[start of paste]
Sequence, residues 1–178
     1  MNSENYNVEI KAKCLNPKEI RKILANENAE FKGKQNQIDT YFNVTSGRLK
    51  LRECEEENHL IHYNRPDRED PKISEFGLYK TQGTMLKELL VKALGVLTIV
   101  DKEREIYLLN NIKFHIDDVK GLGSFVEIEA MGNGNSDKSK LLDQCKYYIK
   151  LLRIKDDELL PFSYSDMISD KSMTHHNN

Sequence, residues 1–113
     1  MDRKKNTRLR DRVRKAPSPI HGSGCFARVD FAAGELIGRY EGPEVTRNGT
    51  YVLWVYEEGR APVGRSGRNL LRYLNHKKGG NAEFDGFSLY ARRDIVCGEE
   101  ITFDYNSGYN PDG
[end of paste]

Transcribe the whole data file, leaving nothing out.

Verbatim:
Sequence, residues 1–178
     1  MNSENYNVEI KAKCLNPKEI RKILANENAE FKGKQNQIDT YFNVTSGRLK
    51  LRECEEENHL IHYNRPDRED PKISEFGLYK TQGTMLKELL VKALGVLTIV
   101  DKEREIYLLN NIKFHIDDVK GLGSFVEIEA MGNGNSDKSK LLDQCKYYIK
   151  LLRIKDDELL PFSYSDMISD KSMTHHNN

Sequence, residues 1–113
     1  MDRKKNTRLR DRVRKAPSPI HGSGCFARVD FAAGELIGRY EGPEVTRNGT
    51  YVLWVYEEGR APVGRSGRNL LRYLNHKKGG NAEFDGFSLY ARRDIVCGEE
   101  ITFDYNSGYN PDG